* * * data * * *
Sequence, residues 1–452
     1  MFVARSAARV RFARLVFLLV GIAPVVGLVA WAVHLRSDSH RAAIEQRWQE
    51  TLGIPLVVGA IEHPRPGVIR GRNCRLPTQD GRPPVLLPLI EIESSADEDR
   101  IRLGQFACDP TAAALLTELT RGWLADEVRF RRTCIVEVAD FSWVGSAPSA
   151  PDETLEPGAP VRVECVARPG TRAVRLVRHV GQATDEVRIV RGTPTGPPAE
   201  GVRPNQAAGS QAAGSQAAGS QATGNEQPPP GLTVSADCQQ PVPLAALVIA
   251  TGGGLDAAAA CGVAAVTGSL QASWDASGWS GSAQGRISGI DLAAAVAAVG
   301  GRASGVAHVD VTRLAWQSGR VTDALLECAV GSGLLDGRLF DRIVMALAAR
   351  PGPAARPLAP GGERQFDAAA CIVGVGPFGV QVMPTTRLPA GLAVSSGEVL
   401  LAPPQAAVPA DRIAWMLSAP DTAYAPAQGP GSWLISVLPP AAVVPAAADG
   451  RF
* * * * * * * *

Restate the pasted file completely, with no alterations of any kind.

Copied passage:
Sequence, residues 1–452
     1  MFVARSAARV RFARLVFLLV GIAPVVGLVA WAVHLRSDSH RAAIEQRWQE
    51  TLGIPLVVGA IEHPRPGVIR GRNCRLPTQD GRPPVLLPLI EIESSADEDR
   101  IRLGQFACDP TAAALLTELT RGWLADEVRF RRTCIVEVAD FSWVGSAPSA
   151  PDETLEPGAP VRVECVARPG TRAVRLVRHV GQATDEVRIV RGTPTGPPAE
   201  GVRPNQAAGS QAAGSQAAGS QATGNEQPPP GLTVSADCQQ PVPLAALVIA
   251  TGGGLDAAAA CGVAAVTGSL QASWDASGWS GSAQGRISGI DLAAAVAAVG
   301  GRASGVAHVD VTRLAWQSGR VTDALLECAV GSGLLDGRLF DRIVMALAAR
   351  PGPAARPLAP GGERQFDAAA CIVGVGPFGV QVMPTTRLPA GLAVSSGEVL
   401  LAPPQAAVPA DRIAWMLSAP DTAYAPAQGP GSWLISVLPP AAVVPAAADG
   451  RF